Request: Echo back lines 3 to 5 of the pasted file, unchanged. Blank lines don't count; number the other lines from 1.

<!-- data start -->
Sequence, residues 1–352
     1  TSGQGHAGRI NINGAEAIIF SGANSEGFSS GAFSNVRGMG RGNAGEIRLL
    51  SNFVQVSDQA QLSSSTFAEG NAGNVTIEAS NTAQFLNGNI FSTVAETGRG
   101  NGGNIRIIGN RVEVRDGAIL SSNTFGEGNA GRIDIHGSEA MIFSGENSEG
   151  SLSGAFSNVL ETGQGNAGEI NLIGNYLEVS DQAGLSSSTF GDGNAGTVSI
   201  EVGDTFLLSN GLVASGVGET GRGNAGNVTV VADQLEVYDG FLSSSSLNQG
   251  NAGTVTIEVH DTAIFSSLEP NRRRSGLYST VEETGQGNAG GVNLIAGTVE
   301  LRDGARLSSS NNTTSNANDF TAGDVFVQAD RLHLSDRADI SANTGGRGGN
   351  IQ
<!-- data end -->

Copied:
    51  SNFVQVSDQA QLSSSTFAEG NAGNVTIEAS NTAQFLNGNI FSTVAETGRG
   101  NGGNIRIIGN RVEVRDGAIL SSNTFGEGNA GRIDIHGSEA MIFSGENSEG
   151  SLSGAFSNVL ETGQGNAGEI NLIGNYLEVS DQAGLSSSTF GDGNAGTVSI